Dear American Girl,

I see sad things happening on the news every day, and it makes me want to help somehow. I don’t know what to do and that makes me feel upset. How can I help?
-Helper

Here's your advice:

Sometimes I feel like that, too. You could try to write how you feel and share it with people you trust.
-Val, age 14, New York

You don’t have to do huge things to make a difference. Small and helpful things are just as important. Ask a parent about volunteering around town or picking up litter at a park.
-Abby, age 11, Texas

Pick an issue you want to focus on. For example, if you love animals, ask if you can volunteer at your local animal shelter. Choose something you really love because then you’ll really give it your all.
-Sarah, age 8, Washington

Talk to your parents or a trusted adult. Thumbs-up for wanting to make a difference.
-Lizzie, age 13, South Dakota

My friends and I sponsor three children living in different countries around the world. We donate money each month and it goes toward the children’s food, water, shelter, and education. If this sounds cool to you, you could ask your parents if you can do the same.
-An American Girl fan

My mom once gave me this quote when I was feeling the same way: “Be the change you wish to see in the world.” Maybe it will help you.
-Sami, age 10, Ohio

Changing the world isn’t easy. I’d suggest starting with something small. You can’t help everyone, but you can help someone. Think really hard about where you want to start.
-Kiralelle, age 11, Texas

Help out with your local food drive, donate toys, or recycle. Many small acts can have a big impact.
-Kelly, age 12, Massachusetts

You could organize a fund-raiser or have a lemonade stand and then donate the money to a good cause.
-Bailey, age 11, California

I hear about what’s happening on the news, and it breaks my heart. Find a cause that’s important to you and donate your time or money to it.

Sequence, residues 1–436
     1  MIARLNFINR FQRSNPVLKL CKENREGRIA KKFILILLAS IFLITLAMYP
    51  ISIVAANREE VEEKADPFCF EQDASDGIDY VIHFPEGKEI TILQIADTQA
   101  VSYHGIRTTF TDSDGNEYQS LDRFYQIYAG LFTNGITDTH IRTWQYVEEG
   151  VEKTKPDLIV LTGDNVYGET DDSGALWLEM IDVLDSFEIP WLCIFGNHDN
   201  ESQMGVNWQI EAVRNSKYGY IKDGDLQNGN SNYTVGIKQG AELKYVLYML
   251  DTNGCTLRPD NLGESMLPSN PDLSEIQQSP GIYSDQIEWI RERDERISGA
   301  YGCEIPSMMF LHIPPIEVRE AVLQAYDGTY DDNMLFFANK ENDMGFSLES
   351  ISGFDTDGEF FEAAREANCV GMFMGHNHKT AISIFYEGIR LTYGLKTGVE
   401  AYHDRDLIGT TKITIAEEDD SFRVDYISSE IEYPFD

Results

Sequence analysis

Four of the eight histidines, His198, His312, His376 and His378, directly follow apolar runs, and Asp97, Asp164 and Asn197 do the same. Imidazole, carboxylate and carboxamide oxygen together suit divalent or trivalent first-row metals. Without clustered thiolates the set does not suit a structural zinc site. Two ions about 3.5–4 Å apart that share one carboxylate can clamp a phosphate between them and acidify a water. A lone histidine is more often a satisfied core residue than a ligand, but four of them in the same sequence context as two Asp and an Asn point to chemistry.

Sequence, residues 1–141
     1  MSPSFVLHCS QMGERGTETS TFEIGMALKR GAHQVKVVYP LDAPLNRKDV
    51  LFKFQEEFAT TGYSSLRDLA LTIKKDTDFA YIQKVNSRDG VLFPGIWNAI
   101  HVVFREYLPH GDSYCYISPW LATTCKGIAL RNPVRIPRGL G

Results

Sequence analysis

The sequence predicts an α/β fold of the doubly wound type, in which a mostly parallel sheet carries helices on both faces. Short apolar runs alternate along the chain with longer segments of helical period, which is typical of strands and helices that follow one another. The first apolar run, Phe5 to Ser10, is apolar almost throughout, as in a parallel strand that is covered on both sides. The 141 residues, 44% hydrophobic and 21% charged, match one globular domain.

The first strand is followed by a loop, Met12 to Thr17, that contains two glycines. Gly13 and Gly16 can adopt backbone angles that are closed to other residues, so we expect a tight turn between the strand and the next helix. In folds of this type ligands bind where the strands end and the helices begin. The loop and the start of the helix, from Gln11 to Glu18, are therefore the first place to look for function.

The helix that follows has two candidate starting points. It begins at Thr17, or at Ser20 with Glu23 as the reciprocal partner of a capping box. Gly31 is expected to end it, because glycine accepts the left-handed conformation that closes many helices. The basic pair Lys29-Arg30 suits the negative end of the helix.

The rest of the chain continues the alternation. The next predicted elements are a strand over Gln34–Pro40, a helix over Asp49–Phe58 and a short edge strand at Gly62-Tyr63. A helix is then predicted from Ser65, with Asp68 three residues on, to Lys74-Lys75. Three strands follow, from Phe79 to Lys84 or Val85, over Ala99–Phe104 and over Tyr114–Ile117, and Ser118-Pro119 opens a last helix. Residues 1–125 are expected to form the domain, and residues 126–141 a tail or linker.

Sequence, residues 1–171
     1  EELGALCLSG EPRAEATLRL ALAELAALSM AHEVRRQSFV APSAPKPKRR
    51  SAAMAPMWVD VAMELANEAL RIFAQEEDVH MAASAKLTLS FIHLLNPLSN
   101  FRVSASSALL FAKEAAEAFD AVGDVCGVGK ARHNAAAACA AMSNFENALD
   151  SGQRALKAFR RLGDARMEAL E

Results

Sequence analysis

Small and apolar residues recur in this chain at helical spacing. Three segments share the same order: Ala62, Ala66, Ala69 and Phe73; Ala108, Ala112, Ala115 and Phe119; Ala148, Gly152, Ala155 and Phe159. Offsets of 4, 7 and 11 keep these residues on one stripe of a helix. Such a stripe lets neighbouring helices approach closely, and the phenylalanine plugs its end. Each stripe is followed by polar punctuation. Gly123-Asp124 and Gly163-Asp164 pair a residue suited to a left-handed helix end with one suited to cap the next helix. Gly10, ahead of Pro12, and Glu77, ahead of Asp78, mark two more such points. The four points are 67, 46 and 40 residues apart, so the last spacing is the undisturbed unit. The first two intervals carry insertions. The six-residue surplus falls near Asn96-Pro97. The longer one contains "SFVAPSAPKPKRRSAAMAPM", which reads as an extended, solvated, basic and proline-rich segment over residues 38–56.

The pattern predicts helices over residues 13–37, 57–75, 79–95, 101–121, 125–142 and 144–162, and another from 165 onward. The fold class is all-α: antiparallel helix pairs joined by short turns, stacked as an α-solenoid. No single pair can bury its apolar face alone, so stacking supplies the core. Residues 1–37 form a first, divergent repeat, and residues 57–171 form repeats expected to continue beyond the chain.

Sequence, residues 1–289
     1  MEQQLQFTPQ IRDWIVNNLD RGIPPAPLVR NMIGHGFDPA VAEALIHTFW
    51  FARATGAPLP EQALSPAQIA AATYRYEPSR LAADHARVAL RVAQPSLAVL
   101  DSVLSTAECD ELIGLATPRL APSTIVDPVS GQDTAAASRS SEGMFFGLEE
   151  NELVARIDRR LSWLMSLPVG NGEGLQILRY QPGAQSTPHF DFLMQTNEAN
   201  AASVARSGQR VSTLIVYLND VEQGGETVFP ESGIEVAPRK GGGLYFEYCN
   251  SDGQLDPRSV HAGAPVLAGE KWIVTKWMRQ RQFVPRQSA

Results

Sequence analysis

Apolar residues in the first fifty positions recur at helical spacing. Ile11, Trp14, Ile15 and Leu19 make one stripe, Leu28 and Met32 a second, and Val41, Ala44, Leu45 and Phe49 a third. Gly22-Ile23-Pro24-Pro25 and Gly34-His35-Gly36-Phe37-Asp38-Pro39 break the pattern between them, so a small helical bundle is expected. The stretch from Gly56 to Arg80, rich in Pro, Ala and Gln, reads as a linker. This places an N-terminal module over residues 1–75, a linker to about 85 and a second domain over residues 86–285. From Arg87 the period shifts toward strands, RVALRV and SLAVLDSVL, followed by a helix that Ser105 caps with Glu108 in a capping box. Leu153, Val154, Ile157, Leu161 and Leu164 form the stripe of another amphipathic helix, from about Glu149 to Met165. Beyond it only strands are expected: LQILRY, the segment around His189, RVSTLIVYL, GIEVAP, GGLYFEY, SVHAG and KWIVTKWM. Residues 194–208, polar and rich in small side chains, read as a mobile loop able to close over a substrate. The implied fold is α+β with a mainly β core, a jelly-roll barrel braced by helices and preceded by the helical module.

-Julianna, age 12, California

It’s great that you want to help. Talk to a parent about how you’re feeling, and make a plan. Maybe one of your parents is interested in the same issues you are.
-Maeve, age 10, Canada

When I see sad news on TV, I usually want to help with big things. However, my mom said it could be more helpful to work on something in my own community. You could find a way to help in your own neighborhood or school.
-An American Girl fan

You could start a small group or club for volunteers. All of you could work together to make the world a better place.
-Ariana, age 10, Florida

Sometimes certain news stories aren’t appropriate for kids. I used to get really upset about things I saw on TV, so I decided to wait until I’m older to watch. I think my plan is OK. I still help and volunteer as much as I can.
-Sophia, age 12, Colorado

Stories on the news can be really overwhelming. When I feel this way, I look for happy news stories. Those are harder to find even though they exist.
-An American Girl fan

Smile at someone who needs cheering up. Sometimes a smile can make a world of difference.
-Abby, age 12, North Carolina

HELP! from You